The 10 Steps to Successful Genealogical Research

Ten Steps to Genealogical
Research Success
September 17, 2013
Bryan L. Mulcahy
Reference Librarian
Fort Myers-Regional Library
2450 First Street
Fort Myers, FL 33901
Tel: 239-533-4626
Fax: 239-485-1160
E-Mail: [email protected]
Step One: 6 Questions To Consider
What do you currently know?
What would you like to find out?
How can I locate more information?
Are there living family members with first
hand knowledge?
5. Are there surviving children, relatives,
neighbors, or estranged family members?
6. What resources will I need to proceed with
further research?
Step Two: Read a Beginner’s Level Book
1. Describe sources of information, record
types with illustrations
a. Family Group Sheets
b. Ancestral/Pedigree Charts
c. Individual Summary Sheets
c. Courthouse Records
d. Vital Records
2. Tips/strategies for research plans
3. Describe how and where to locate
information in home/family sources,
primary, and secondary sources.
Step Two: Reading a Beginner’s Level
Book on Genealogical Research
4. How to interview people (Oral
5. Learn techniques to deal with
stonewallers, Alzheimer's cases, etc.
6. Deal with roadblocks/inconsistencies.
7. Citing sources.
8. Organize your data.
9. Pay multiple long-term timesaving
Family Group Sheet
Ancestral/Pedigree Chart
Individual Summary Sheet
Courthouse Record-Deed
Courthouse Record-Deed
Courthouse Record-Deed
Courthouse Record-Will
Courthouse Record-Probate PacketIndex
Step Three: Join a Local Genealogical
1. Provides networking opportunities.
2. Join societies in all locations of
3. Most provide members with a variety
of research-related services.
4. Often discover a lost/unknown
relatives doing research on the same
line or neighbors familiar with the
family or ancestor.
Step Four: Inform Family Members
1. Important for the following reasons:
a. Being polite.
b. Head off potential conflict.
c. More likely to obtain cooperation
from family, neighbors, and other
relevant parties.
d. Identify candidates for Oral History
interviews (in person or via
f. May lead to unexpected sources and
research opportunities.
Step Four: Inform Family Members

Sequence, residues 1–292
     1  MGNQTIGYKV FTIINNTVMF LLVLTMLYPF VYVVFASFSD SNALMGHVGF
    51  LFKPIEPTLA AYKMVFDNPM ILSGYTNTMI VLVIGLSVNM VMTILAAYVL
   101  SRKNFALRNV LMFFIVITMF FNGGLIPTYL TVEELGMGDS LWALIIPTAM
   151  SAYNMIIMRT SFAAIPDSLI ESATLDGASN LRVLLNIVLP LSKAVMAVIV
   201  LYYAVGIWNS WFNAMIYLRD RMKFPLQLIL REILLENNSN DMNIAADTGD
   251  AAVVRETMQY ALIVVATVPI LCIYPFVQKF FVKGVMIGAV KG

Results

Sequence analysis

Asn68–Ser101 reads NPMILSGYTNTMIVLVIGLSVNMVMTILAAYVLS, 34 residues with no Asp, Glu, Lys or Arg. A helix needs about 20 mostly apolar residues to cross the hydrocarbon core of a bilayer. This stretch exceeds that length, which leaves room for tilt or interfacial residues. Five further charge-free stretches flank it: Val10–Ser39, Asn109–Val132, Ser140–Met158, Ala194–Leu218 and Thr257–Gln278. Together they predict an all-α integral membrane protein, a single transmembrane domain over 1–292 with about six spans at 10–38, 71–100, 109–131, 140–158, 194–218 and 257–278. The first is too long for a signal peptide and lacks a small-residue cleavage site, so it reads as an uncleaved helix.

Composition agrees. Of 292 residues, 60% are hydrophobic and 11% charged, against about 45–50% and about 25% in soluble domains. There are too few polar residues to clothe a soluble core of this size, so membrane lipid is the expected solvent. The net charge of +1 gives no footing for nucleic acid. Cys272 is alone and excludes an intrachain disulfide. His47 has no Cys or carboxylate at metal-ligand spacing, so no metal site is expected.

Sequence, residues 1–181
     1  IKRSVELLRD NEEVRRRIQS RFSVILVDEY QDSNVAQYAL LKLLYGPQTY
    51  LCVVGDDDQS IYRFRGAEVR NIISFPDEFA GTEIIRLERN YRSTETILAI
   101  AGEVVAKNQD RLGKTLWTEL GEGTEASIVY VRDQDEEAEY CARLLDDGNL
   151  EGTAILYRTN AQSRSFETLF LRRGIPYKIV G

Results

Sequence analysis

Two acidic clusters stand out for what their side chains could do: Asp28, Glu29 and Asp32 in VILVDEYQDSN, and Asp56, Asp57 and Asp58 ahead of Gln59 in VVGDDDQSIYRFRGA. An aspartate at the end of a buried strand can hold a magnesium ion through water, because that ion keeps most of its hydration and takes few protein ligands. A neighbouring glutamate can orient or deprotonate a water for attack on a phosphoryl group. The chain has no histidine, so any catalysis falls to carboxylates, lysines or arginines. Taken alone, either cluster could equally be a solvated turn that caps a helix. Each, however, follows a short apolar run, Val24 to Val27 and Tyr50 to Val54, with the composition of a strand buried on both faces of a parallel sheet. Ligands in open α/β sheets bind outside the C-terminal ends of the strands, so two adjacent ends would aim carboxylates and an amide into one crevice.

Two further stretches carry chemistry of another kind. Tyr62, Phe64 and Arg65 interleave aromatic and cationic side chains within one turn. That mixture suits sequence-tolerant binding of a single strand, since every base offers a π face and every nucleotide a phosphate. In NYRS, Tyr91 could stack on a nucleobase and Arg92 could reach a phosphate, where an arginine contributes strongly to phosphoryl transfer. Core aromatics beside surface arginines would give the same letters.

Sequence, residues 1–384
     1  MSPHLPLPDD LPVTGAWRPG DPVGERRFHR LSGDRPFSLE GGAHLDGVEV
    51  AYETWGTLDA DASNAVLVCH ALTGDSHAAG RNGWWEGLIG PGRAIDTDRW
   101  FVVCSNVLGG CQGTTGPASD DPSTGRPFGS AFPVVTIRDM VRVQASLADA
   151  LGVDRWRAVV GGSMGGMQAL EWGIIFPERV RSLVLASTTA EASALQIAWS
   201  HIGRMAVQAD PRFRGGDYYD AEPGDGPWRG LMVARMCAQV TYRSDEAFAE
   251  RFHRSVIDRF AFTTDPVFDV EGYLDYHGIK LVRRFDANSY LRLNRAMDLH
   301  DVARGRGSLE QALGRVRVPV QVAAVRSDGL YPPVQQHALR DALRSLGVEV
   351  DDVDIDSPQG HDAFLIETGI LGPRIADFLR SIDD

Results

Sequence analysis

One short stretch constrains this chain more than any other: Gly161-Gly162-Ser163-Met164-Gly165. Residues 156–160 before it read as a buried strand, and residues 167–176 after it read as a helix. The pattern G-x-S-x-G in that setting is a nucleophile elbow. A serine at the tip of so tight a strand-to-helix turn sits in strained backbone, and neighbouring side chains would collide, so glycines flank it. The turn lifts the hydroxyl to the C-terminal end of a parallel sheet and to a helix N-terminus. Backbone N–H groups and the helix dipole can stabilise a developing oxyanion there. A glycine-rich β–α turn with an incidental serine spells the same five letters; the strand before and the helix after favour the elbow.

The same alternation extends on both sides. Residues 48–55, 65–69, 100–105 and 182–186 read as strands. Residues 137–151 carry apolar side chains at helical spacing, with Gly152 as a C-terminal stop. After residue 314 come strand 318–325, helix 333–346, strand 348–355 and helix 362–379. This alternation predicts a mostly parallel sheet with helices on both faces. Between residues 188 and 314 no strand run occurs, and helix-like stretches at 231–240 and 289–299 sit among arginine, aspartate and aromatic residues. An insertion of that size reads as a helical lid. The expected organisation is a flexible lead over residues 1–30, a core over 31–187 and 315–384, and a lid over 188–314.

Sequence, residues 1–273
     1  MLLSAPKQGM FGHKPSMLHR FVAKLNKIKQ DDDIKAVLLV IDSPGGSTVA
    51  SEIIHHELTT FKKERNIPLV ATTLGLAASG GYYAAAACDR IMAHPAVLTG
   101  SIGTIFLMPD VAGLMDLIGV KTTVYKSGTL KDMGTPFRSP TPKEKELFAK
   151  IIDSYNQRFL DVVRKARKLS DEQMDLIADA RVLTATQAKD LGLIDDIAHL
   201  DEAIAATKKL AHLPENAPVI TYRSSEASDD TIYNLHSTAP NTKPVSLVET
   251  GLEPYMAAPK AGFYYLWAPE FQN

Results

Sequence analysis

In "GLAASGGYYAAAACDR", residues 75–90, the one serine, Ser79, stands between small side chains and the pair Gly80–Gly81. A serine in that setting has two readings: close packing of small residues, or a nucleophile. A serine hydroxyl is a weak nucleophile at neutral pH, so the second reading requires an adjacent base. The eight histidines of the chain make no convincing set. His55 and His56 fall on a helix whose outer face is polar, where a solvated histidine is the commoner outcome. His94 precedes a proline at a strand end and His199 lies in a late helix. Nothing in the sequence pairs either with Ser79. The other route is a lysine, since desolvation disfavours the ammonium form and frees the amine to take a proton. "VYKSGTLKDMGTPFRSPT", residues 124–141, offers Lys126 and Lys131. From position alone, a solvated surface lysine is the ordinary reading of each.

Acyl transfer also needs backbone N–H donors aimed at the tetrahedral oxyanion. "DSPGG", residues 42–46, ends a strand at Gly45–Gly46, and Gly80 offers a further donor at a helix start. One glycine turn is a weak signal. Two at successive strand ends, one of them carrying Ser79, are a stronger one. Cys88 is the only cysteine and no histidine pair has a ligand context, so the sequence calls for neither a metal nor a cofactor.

2. Identify family members, friends, and
neighbors who have kept family artifacts
and memorabilia:
a. Photo Albums
b. Family Bibles
c. Diaries/Personal Correspondence
d. Legal Documents and Certificates
3. Determine how to get access to making
4. Offer to share information in exchange for
Step Five: Compile a List of Living
Relatives or Neighbors
1. Include those who express interest.
2. Include current contact information.
3. Concentrate on those with direct knowledge of
individuals and/or major events.
4. List should be prioritized by:
a. Age and health of each individual.
b. Those in the poorest health and/or the most
advanced age should be first.
c. Those who have the reputation for telling the
best stories or tend to recall the most about
family traditions and events.
5. Keep a backup list of those who don’t express
interest, but qualify. Why?
Step Six: Planning Your Questioning
1. Oral Histories - Best Option
a. Getting names and dates are important
because they help you identify and
organize your ancestors.
b. Finding out about their personalities
makes the names come alive.
c. Often shows how their decisions have
impacted you and your family today!
d. Learn facts that were never previously
Step Six: Planning Your Questioning
2. Two most common methods:
a. Long distance by correspondence or e-mail.
b. In person meeting and interview at residence.
3. Regardless of method, advance planning is
a. Reading a history of the locality.
b. Many self help books have chapters on oral
histories including sample questions and
suggested strategies.
c. Printed histories ethnic groups may shed light
on events that impacted life decisions.
d. Compile clear/concise open ended questions.
Step Six: Planning Your Questioning
4. Open Ended Questions: Goal is to prevent
interviewee from simple yes or no answers.
5. Don’t discount someone because of
6. If you choose the correspondence route,
enclose a SASE.
7. If you ask for a photograph or document,
provide an adequate sized box or envelope
for transport.
8. Be prepared for the possibility of having
to pick up the item if the family member
Step Seven: Investigate Home Sources
1. Ancestors were issued copies of documents